That’s fast, Sinmisola! But I know how that is. Sometimes the story just “pours” out of you, doesn’t it?

Tell us something about your newest release that is NOT in the blurb.

Well, the novel sounds dark a lot when you read the blurb but there is a little romance, and filial in the book, which I find warming. It’s not all dark.

Good to know. Do you have any current projects you’re working on? Care to share? 

I am currently working on a contemporary women fiction novel set in Manhattan. It is my first book set completely in the United States, which I find quite exciting. The novel is about a Christian woman whose husband is arrested on charges of murder and child trafficking. Her peaceful safe world is suddenly thrown into confusion. The worst in all of it is that she believes her kind, loving, Christian husband has been wrongly charged.

Interesting. Thank you again for being on the blog and for sharing about your release. I am going to turn things over to more information about the book (and an excerpt!). But keep reading and you’ll find information about a GIVEAWAY!!!

Under a Red Delta Sun

The day starts as any other for fifteen-year old Temilola (Temly) Cole, but ends in an unknown forest. She has made a stop at her best friend Asabi’s house and missed the school bus. The taxi she got into is filled with evil men and Temly will spend the next two weeks fighting for her survival.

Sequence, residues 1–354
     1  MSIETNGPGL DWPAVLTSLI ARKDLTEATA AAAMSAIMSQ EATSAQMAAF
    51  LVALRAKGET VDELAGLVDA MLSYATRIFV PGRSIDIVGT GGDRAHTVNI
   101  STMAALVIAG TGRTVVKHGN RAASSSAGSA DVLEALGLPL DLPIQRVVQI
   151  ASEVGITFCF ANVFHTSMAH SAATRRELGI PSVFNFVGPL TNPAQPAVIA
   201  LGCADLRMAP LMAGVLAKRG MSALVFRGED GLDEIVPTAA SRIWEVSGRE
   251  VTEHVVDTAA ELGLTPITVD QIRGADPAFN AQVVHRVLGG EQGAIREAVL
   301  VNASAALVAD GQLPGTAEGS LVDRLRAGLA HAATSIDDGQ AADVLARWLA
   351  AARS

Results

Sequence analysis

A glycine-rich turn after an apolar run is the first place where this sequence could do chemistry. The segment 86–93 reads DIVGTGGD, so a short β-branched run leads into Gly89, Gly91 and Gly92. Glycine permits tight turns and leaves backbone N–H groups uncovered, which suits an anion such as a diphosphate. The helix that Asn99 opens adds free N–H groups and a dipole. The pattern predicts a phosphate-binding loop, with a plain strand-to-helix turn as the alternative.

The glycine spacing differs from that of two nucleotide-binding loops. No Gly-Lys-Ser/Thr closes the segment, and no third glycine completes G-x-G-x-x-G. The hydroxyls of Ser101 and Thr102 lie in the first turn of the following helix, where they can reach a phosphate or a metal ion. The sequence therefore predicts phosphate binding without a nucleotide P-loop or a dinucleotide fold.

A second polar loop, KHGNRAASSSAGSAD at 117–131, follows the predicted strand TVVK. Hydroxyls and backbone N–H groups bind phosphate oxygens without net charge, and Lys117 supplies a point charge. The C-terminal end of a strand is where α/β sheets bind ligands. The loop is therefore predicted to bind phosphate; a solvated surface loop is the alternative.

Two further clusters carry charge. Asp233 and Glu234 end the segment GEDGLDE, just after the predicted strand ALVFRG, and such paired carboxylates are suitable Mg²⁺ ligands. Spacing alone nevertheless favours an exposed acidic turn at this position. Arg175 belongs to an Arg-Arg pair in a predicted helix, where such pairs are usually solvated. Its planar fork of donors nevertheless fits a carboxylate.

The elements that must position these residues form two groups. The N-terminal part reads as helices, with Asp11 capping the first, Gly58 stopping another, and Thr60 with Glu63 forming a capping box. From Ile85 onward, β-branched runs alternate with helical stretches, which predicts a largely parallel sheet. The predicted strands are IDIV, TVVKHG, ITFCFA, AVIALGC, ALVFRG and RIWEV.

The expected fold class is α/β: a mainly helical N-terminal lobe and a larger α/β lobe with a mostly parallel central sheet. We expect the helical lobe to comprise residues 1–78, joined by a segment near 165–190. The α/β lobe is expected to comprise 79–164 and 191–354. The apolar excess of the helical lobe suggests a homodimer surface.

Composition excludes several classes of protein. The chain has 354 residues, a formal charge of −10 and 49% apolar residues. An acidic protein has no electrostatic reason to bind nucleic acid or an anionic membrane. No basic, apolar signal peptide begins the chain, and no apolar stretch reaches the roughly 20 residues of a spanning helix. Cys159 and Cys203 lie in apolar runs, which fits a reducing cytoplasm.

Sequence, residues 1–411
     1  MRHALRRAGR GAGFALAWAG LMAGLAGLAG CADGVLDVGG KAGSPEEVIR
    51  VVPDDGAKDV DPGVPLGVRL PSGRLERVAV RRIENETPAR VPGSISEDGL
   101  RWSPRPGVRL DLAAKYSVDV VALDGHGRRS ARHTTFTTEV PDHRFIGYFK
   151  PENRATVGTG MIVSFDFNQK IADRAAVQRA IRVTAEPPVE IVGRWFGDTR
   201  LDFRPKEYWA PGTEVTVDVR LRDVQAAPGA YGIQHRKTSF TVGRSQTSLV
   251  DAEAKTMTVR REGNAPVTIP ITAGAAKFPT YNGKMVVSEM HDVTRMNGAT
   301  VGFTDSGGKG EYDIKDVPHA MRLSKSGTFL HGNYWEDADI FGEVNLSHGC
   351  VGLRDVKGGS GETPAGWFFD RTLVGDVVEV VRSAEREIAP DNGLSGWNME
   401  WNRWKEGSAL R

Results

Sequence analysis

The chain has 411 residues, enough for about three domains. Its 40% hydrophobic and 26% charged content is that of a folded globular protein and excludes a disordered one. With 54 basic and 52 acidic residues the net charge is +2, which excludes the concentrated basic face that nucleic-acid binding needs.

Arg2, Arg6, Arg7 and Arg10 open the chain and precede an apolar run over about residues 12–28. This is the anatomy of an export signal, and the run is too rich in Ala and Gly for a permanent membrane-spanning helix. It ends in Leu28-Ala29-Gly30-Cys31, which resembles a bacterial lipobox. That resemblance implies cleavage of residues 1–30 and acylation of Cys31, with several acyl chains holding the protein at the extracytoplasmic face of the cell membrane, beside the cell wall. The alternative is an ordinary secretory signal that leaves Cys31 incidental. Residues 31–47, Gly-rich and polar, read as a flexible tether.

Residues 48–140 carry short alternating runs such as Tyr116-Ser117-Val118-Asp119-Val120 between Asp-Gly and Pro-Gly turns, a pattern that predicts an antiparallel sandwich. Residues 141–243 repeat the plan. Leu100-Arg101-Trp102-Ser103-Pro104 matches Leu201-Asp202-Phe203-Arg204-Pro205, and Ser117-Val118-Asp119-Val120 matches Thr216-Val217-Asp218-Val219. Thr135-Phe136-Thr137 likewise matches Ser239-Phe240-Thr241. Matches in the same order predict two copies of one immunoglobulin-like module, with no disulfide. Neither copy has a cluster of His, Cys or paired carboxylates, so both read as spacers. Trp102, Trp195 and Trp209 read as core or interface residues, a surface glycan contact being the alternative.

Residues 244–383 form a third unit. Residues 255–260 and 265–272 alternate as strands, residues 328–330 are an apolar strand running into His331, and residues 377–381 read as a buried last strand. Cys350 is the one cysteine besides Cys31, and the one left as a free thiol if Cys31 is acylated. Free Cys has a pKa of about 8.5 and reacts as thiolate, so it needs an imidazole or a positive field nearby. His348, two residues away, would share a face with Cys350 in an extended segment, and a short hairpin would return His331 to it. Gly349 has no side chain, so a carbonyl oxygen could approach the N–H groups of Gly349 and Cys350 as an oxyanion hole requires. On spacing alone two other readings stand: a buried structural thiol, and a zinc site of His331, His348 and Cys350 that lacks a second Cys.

Asabi has been sexually abused by her stepfather for ten years. In all that time, she has carefully sought out her biological father, and planned to run away from home. The day she chooses to execute her plan, however, turns out to be a nightmare. Temly goes missing. Asabi is conflicted between going on with her plans, and staying back to help search for Temly.

Fela Peter was always seen as the black sheep of the family. He refuses to conform to the strict standards of his fanatic father and overtly submissive mother. However, he is sure at least his father is into something more than the Christian faith he professes. Encouraged by his older outcast friend, Law, Fela goes in search of the truth about his father and ends up in an evil forest.

Under a Red Delta Sun weaves a beautiful, heart-stopping, suspense-filled adventure for three teenagers who have done nothing wrong except being right.

Enjoy an Excerpt

Ibadan, Nigeria

Tuesday, May 8, 2012 0650 hours

Her friend sat on her bed, staring out the window. She was dressed in her uniform, black sandals, and light-colored tights.

Temly feared the worst. She sat on the bed beside Asabi and tapped her shoulder. “Hey.”

Asabi regarded her with soulless eyes, her lips slanted upwards in an apparition of a smile. “Hey.”

“Why weren’t you outside waiting for the bus?”

“I decided to stay home.”

“Where are your parents?”

Asabi folded her hands on her laps and took a deep breath.

“What’s wrong? When we spoke this morning, you were fine. Where’s Missis?” Temly’s hand rested on Asabi’s shoulder.